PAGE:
FORT MCCOY, Wis. --
The Joint Light Tactical Vehicle Operator New Equipment Training Course at the 88th Readiness Division-operated Draw Yard here has hosted a variety of Soldiers, including Special Forces teams. For the first time in its history, the class which teaches the students the characteristics and capabilities of the vehicles commonly known as JLTVs, hosted two members of the U.S. Air Force from Nov. 14-17, 2022.
Staff Sgts. Charlie McNair and James Jessie came all the way from the 48th Logistics Readiness Squadron, Royal Air Force, Lakenheath, U.K., nearly 4,000 miles. Both are ground transportation specialists which is like the U.S. Army’s motor transport operators commonly known as 88 Mikes.
McNair said his command, which is responsible for the planning and execution of all wing deployment operations and transportation of cargo and base personnel, is preparing to receive JLTVs. So, his leadership wanted its airmen to obtain knowledge on the operations of the JLTV and Fort McCoy was the only base listed where JLTV OPNET was offered for U.S. Army Reserve Soldiers and military technicians. He was joined by three Reserve Soldiers who also were MILTECS.
The students spent the first two days learning how these vehicles powered by a turbocharged diesel engine with a sophisticated transmission operate. The classroom instruction also included Preventive Maintenance Checks and Services, such as checking fluid levels, and the ins and outs of the Driver Smart Display Unit and the Central Tire Inflation System. The last two days, they drove the JLTVs, including on a precision driving course which included three back-up stations and a railroad crossing, and an off-road course.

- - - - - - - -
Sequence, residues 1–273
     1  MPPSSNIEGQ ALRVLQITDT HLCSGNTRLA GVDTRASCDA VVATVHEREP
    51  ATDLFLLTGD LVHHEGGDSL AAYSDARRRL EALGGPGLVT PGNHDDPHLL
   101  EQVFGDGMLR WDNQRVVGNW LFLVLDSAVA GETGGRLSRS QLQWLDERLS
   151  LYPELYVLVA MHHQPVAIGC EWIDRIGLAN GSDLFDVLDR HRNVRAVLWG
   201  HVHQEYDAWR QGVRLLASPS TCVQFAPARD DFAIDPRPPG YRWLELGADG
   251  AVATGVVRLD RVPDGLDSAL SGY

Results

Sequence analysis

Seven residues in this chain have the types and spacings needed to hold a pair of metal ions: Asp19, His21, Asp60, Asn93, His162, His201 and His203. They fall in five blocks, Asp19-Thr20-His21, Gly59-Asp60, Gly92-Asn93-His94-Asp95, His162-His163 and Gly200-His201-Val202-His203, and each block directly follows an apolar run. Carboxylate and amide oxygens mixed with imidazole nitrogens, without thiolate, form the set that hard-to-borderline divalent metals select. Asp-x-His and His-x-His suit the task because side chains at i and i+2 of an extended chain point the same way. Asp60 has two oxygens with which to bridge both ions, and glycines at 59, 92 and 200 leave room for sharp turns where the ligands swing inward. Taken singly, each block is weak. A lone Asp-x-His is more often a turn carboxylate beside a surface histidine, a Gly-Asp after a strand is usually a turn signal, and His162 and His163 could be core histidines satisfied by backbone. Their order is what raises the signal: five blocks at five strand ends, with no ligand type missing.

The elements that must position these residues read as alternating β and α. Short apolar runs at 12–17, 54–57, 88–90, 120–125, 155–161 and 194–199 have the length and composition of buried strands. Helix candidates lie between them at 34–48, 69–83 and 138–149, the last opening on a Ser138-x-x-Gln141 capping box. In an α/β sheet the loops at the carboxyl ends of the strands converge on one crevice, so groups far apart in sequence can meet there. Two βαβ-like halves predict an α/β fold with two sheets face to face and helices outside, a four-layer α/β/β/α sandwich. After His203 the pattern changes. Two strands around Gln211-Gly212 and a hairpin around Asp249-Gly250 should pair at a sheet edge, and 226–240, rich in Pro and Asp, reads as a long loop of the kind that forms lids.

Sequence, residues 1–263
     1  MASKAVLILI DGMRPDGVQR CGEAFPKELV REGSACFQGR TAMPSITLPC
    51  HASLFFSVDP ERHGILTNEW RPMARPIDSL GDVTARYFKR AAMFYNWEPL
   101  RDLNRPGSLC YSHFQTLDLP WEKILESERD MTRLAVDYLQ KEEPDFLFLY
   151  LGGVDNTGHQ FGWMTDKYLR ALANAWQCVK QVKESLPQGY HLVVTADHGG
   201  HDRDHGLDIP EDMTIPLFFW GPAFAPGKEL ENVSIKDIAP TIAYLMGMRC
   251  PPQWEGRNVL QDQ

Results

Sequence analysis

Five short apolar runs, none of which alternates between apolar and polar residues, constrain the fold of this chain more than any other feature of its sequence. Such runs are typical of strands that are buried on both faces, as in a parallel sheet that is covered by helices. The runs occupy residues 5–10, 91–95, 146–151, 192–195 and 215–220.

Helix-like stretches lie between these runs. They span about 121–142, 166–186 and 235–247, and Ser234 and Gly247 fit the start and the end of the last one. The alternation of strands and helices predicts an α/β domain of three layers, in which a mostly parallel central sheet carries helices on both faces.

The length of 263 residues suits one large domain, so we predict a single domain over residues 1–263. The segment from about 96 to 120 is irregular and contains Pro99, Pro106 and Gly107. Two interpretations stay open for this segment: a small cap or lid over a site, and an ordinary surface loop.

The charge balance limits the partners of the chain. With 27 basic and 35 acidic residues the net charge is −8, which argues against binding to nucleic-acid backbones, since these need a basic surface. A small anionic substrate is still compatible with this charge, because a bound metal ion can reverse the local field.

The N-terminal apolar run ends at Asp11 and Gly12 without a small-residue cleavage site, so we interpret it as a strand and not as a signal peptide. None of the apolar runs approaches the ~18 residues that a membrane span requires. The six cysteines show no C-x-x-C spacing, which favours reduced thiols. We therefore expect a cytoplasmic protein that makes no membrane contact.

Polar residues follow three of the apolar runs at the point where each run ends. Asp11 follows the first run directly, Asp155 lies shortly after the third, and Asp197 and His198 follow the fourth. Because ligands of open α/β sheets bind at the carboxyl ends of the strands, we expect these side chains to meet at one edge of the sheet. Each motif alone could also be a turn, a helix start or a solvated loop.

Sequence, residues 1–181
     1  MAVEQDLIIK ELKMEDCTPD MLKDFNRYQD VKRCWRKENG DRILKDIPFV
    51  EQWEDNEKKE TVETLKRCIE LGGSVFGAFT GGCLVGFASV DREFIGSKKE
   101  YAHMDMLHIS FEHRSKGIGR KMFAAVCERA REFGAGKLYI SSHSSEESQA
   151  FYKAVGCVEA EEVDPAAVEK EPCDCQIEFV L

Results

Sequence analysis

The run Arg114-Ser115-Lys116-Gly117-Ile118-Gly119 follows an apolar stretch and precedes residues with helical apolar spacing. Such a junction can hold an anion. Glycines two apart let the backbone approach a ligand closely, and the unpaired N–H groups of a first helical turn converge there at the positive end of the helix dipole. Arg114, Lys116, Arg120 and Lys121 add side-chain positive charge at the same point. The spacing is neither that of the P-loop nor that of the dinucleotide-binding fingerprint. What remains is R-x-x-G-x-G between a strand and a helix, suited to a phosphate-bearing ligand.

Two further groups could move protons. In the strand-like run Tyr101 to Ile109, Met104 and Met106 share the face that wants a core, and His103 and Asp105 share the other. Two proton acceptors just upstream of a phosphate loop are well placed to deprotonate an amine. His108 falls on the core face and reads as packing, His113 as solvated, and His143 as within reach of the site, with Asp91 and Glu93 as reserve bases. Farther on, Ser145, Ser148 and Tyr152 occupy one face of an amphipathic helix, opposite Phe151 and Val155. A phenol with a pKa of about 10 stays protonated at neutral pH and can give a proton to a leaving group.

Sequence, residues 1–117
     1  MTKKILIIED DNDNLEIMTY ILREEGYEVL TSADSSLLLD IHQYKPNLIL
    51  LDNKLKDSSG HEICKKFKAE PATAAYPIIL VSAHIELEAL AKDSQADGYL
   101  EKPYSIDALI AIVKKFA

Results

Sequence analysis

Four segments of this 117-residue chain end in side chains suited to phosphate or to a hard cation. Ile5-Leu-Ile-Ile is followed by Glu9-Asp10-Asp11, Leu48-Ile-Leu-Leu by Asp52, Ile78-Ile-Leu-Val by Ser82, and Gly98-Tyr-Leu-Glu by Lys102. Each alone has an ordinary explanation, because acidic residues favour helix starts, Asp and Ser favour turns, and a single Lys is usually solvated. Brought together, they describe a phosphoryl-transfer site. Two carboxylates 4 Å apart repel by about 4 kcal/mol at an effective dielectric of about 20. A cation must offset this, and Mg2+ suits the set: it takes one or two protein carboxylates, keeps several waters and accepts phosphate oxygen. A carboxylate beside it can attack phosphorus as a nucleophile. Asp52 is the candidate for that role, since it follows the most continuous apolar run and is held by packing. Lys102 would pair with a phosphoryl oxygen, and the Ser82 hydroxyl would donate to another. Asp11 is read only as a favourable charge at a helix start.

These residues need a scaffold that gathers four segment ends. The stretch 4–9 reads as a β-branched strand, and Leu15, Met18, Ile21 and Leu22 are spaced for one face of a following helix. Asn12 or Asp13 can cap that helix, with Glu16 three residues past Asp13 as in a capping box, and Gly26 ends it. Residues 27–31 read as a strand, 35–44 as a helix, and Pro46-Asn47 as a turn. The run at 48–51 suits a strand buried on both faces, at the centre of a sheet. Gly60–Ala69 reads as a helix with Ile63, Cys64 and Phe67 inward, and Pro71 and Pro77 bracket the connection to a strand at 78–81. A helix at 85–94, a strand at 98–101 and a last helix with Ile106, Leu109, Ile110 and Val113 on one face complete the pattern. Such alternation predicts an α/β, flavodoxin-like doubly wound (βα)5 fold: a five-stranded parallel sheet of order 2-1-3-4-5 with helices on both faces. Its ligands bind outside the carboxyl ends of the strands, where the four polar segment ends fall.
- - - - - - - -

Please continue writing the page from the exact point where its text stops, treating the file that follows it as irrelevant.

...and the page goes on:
Jesus Valles, a Logistics Sustainment Training Instructor, said a JLTV can be challenging to drive because of its limited visibility. “I want them to feel that when you are making a sharp left turn, at some point, they won’t have full visibility,” said Valles who has taught more than 10 of these classes.
The students also trained on a simulator before driving to the Precision Driving Course. Valles said a simulator allows the students to train on terrain scenarios Fort McCoy does not offer because it is mostly flat. For example, the students will learn how to use the CTIS cross country setting.
McNair said a JLTV will be the most advanced military vehicle he has driven. It is known as the first military vehicle that communicates with the driver.
Jessie said he does not have much experience with military vehicles and thought the class was interesting and very informative. “Being able to jump into these JLTVs is going to be fun,” said Jessie.
Valles said there have been several improvements to the class once after-action reviews were completed. One was spending more time driving the JLTVs on the highways. The reason for this was that former students pointed out that most of the time would be spent going from their Reserve Center to their training exercise site like Fort McCoy.
Valles said overall this class teaches the students the basics of operating a JLTV and its intent is for the students to return to their units and continue the training.
Something that McNair, who is a trainer at his squadron, will be doing.
“The more knowledge we know now, we can go back and train Airmen who are there,” said McNair. “I will be able to teach and show them what to do.”